Pundit Columns on the Covid Crisis

I was writing almost weekly about the Covid Crisis during its peak of between March and June 2020. Not that I had any technical expertise in the area (in the following please allow for that) but its impact on economics areas where I had some expertise was great. Here is a list of the Pundit columns with a brief account of what is in each.

Black April, May And June? (March 17, 2020)

By early March it was evident that the Covid virus was going to be a major international problem. As well as reading the contemporary literature. I looked at what history might teach us. I acknowledge that some of the thinking in the column about the future course of the virus was wrong, because I did not envisage a lockdown. I was probably not too far from what insiders were thinking a little earlier. This led them to think about alternative strategies, and ultimately the lockdown.

GFC Vs Covid-19 (March 20, 2020)

The date of this column is close to the previous one indicating they were coupled. My concern was that the commentariat’s approach to dealing with the economic disruption from Covid-19 was based on the GFC. Yet, as I explain, the two are economically quite different. Again I am relatively pessimistic about the course of the impact of the virus (but not overly wrong had I been writing about many other countries). Note that the column was published on the day that a temporary border closure was imposed (and therefore written a few days earlier).

Dealing With The Covid-19 Tsunami (March 24, 2020)

The third in the series, responding to the Economic Response to Covid-19 package a week earlier.

Backstage And Theatre (April 02, 2020)

The Covid Crisis gave an opportunity to make the general point: we pay insufficient attention to the officials servicing the politicians. The final sentence may be the truest sentiment that I wrote during the crisis. ‘A good number of today’s overworked officials will tell their grandchildren “this was my finest hour”.’

A Child’s Introduction To Quantitative Easing (April 14, 2020)

While this column does not mention Covid-19 directly, it was an attempt to explain the consequences of the government’s fiscal response to the lockdown. It substantially increased spending while revenue fell and so its borrowing increased. The column contributes to a vigorous debate among economists at the time by recalling the often-overlooked principle that every liability is matched by an asset.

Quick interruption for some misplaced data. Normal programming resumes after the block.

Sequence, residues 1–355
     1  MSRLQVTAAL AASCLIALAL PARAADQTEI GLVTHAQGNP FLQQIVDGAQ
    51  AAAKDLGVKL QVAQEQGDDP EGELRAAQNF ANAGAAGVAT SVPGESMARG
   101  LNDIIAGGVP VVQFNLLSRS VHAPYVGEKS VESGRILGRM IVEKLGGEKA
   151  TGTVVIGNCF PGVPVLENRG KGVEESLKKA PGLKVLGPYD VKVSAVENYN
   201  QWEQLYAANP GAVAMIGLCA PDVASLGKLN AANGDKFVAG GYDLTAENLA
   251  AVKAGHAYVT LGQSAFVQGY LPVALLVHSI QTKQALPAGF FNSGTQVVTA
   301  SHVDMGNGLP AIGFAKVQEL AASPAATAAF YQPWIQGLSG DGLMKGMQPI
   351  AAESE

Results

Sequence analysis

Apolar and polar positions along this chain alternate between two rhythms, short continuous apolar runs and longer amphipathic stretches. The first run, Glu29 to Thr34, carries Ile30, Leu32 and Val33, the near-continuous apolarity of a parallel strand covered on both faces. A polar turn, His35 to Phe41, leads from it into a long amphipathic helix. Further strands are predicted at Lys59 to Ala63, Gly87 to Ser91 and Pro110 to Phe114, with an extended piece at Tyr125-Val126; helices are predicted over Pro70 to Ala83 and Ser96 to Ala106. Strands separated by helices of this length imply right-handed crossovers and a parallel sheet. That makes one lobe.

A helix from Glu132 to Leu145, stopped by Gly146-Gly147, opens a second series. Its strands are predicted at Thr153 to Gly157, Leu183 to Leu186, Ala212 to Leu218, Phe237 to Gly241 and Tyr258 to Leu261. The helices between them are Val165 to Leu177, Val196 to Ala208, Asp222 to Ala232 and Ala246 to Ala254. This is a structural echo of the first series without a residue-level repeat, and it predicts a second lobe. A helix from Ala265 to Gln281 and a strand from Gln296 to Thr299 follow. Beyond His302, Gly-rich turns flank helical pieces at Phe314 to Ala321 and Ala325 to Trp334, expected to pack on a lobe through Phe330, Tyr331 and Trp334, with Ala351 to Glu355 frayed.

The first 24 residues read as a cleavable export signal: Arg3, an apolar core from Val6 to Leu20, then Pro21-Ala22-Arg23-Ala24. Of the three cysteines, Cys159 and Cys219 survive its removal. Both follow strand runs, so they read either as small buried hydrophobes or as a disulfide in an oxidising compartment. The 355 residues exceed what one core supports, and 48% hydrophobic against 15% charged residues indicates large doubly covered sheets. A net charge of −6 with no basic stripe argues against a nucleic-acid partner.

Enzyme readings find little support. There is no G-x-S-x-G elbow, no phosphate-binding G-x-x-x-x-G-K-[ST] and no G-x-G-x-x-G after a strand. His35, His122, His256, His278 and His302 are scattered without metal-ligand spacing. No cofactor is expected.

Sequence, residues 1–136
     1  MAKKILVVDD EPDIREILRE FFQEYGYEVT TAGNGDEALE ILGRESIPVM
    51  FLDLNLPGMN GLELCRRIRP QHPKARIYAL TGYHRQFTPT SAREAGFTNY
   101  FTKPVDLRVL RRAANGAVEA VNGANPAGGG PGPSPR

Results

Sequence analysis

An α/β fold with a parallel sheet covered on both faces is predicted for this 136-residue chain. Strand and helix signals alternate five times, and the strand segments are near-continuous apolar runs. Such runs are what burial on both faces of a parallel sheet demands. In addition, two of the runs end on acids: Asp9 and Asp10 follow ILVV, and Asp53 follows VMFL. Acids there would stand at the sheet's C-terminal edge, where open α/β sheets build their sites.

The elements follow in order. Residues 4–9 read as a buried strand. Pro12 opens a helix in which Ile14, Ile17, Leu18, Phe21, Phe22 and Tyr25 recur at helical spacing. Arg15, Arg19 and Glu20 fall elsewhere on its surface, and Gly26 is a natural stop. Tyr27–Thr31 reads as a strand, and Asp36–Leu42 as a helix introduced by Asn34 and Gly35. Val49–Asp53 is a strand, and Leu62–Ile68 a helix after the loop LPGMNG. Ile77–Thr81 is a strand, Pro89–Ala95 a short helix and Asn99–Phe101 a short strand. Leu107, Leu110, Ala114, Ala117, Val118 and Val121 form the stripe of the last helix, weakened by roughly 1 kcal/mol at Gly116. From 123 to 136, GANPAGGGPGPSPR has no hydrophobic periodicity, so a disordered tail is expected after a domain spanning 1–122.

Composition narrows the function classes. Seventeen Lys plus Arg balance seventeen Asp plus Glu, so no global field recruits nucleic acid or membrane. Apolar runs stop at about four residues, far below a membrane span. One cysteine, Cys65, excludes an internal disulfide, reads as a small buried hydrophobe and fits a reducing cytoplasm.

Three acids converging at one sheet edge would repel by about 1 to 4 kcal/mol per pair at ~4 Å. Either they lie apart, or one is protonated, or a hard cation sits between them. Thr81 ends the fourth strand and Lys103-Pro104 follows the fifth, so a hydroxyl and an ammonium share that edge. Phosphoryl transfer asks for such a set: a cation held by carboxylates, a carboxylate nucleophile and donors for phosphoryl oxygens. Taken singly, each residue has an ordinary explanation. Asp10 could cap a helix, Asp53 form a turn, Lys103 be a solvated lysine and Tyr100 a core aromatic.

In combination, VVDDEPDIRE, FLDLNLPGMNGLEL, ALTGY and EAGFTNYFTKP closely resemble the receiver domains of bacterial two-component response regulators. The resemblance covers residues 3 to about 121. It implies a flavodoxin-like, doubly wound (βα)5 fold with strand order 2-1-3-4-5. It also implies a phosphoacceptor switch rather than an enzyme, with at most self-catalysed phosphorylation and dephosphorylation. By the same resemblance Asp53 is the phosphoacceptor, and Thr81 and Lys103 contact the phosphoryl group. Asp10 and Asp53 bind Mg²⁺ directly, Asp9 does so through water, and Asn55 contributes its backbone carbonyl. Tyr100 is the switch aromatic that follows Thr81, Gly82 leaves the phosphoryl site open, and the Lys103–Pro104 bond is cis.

Where Is The New Zealand Economy Going? (April 17, 2020)

The Treasury published a preliminary assessment of their thinking about the course of the economy under the lockdown. I argue that the structural change is going to be much greater. (See May 22 for more on the Treasury view.)

How Much Unemployment? (April 21, 2020)

This is a followup of the previous (April 17) column which argues that the common account of how unemployment will evolve may be wrong. It argues that while there will be much unemployment, it will be more spread out.

About The Economic Future: Good Questions – Uncertain Answers (April 29, 2020)

A review of the state of the world and New Zealand economy in the light of the Covid Crisis.

Covid19 And History (May 04, 2020)

With my book Not in Narrow Seas: The Economic History of Aotearoa New Zealand out in May it seemed apposite to reflect how it had shaped my thinking on the Covid Crisis.

If It Takes Too Long To Produce A Covid Vaccine (May 11, 2020)

I have no expertise on the development of vaccines, but it was clear that experts were in disagreement. I used the possibility that there would not be an effective vaccine to discuss the significance of border controls.

What The 2020 Budget Forecasts Mean (May 22, 2020)

By now we are in Alert2 but still with rigorous border controls on people. My post-budget column is an account of how Treasury expected things to evolve. It will be evident from the April 17 column (and mentioned in this one) that I am uneasy with the underlying assmptions. However the task of the column was to explain what the government’s chief economic advisers were thinking.